The literature on placebo effect does not offer this bromide, but rather challenges whether clinical studies fail to demonstrate a clinically meaningful benefit from the drugs being administered. Much of the recent debate is summarized in a brief 2018 article by Nassir Ghaemi, MD, MPH. I am not sufficiently trained in data analysis to weigh in on this debate, but I know enough to make a simple point. This is a major issue that needs attention at the highest levels of academia and the pharmaceutical industry. Instead, it is routinely swept under the rug as a minor dispute or one based on misunderstanding or bias.
The marketing machine
No other advanced country permits the marketing of medications directly to the public as we do in the U.S. It seems to me that this should be re-opened for debate. There may be good arguments on both sides of this issue, but direct marketing clearly drives up the use of medications in this country. The public should allow experts on both sides of this issue argue the pros and cons, and we should then either reaffirm current regulations or change them.
However, any debate in the marketing domain should be led by how pharmaceutical companies created champions in the medical community to promote their fantasies. We have no evidence after more than 60 years for the chemical imbalance theory, but researchers have been desperately searching for that evidence. I sadly remember reassuring patients and family members about the validity of the idea of chemical imbalance decades ago when I was in clinical practice.
We should be clear about an important fact. The chemical imbalance idea never had any evidence, and yet it was embraced as a strong marketing message many years ago. The idea has not really been rejected decades later by psychiatry or the pharmaceutical industry, despite a total lack of evidence. The most outrage that Groopman can muster on the topic is that we have no “definitive experimental proof.” In fact, we don’t have a shred of evidence after decades of claims by advertisers and experts.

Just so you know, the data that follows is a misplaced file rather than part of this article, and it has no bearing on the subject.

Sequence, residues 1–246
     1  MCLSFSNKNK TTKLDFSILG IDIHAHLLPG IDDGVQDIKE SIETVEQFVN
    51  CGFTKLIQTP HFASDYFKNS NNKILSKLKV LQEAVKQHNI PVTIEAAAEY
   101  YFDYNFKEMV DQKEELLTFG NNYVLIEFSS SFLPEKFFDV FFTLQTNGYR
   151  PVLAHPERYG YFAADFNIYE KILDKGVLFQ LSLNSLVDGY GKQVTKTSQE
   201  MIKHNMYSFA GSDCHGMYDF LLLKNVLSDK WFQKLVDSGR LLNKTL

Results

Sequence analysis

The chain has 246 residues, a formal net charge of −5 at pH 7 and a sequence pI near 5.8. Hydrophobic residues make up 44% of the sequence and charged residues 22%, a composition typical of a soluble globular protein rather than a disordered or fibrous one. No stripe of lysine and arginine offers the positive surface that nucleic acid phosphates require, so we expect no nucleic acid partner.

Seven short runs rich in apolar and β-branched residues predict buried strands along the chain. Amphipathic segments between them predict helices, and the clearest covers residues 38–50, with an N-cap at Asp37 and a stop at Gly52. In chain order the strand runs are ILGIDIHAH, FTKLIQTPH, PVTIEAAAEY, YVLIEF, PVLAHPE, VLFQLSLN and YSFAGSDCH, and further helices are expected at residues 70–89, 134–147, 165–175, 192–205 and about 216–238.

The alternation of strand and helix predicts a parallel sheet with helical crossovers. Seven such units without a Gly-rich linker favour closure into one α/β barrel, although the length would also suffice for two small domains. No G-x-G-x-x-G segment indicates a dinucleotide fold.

How goes biological psychiatry?
Biological psychiatry is an embrace of dogma and ideology over good patient care. In this respect, Groopman and I are completely in synch. I want people that I care about to get access to genuinely effective psychotropics. I want clinicians to always be patient-centered rather than industry-centered. He wants this too. However, I believe that decades of deception need to be called out for what they have been, rather than glossed over as some innocent mistake.
Psychiatrists should be clinicians who embrace all effective solutions. What is the calling for being a biological psychiatrist? Is it the unfounded belief that biology will heal all mental health problems? Is it the comfort and success of a practice based on prescribing medication? I think it may be just a wrong turn in the history of psychiatry.
We need to consistently put science before marketing and clinical theories. We need to embrace all treatments found valid, whether they address our neurochemicals, our thoughts or the social determinants of health. I am not claiming expertise to resolve any of the issues I have raised. I am only asking that we openly discuss two things: 1) the historical failure of a biological model as the primary causation for behavioral health disorders, and 2) a robust evaluation and debate regarding the clinical efficacy of antidepressants in the treatment of depression.
Ed Jones, PhD, is senior vice president of the Institute for Health and Productivity Management.